An Utopia of Modernity
The city of Brasilia is unique. Schaub constructs an architectural portrait of the capital of Brazil for which Oscar Niemeyer was primarily responsible for. The film also portrays one of the50,000 workers on the site, the then 15-year-old Raimundo Bento de Araujo, who tells us his memories.
Brasilia is unique in architectural history: a city for half a million people designed on the drawing board. Oscar Niemeyer, who passed away in 2012, was its architect. He was already one of Brazil’s most important architects in the 1930s, and today—thanks to Brasilia—he is one of the most important architects in the world. In the film, Niemeyer provocatively declares, “Architecture is random, like a dream.” At the time of filming he was one hundred years old, reminiscing in his Rio de Janeiro studio about his “Brasilia adventure.” Building Brasilia was a thrilling experience for everyone involved: 50,000 construction workers made the utopia of the new capital a reality in a mere three years. Construction went on twenty-four hours a day, seven days a week. One of those 50,000 workers was the then fifteen-year-old Raimundo Bento de Araujo. For him, the city is a museum of memory, which he talks about in the film.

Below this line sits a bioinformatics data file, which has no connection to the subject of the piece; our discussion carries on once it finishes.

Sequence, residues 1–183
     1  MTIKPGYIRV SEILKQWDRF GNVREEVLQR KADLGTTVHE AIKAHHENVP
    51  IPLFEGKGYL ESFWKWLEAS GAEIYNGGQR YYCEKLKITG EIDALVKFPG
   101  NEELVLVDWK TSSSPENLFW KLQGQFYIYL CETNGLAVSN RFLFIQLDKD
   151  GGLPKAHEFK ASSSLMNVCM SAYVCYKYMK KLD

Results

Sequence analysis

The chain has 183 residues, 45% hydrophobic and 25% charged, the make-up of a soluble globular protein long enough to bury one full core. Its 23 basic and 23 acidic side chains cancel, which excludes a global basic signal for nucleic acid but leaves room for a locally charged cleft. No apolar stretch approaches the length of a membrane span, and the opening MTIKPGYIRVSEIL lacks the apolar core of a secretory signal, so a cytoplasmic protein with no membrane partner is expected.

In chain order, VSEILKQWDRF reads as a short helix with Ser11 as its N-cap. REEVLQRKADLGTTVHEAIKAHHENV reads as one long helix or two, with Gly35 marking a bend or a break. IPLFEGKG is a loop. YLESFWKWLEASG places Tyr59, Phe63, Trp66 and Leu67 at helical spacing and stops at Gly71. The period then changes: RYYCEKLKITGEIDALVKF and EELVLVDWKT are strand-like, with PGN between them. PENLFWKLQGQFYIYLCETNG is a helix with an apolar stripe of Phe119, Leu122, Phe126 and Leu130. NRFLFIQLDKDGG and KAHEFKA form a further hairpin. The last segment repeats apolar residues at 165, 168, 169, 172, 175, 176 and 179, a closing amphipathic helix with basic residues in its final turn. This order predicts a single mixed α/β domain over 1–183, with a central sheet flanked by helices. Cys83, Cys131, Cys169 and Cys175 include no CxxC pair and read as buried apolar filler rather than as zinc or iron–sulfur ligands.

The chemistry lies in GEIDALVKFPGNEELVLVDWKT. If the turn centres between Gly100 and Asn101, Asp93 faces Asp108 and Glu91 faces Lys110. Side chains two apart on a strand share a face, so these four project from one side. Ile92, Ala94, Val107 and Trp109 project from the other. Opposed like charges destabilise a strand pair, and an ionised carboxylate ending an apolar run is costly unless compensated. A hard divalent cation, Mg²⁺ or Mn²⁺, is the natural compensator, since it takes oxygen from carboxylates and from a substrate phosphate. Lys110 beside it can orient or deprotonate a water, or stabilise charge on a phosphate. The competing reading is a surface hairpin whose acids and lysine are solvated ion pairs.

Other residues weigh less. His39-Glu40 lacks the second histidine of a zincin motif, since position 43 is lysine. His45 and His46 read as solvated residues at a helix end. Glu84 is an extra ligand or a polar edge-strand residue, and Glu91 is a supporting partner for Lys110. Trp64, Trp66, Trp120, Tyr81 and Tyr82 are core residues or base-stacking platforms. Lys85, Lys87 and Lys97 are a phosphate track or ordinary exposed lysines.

Karin Riepel, AVE
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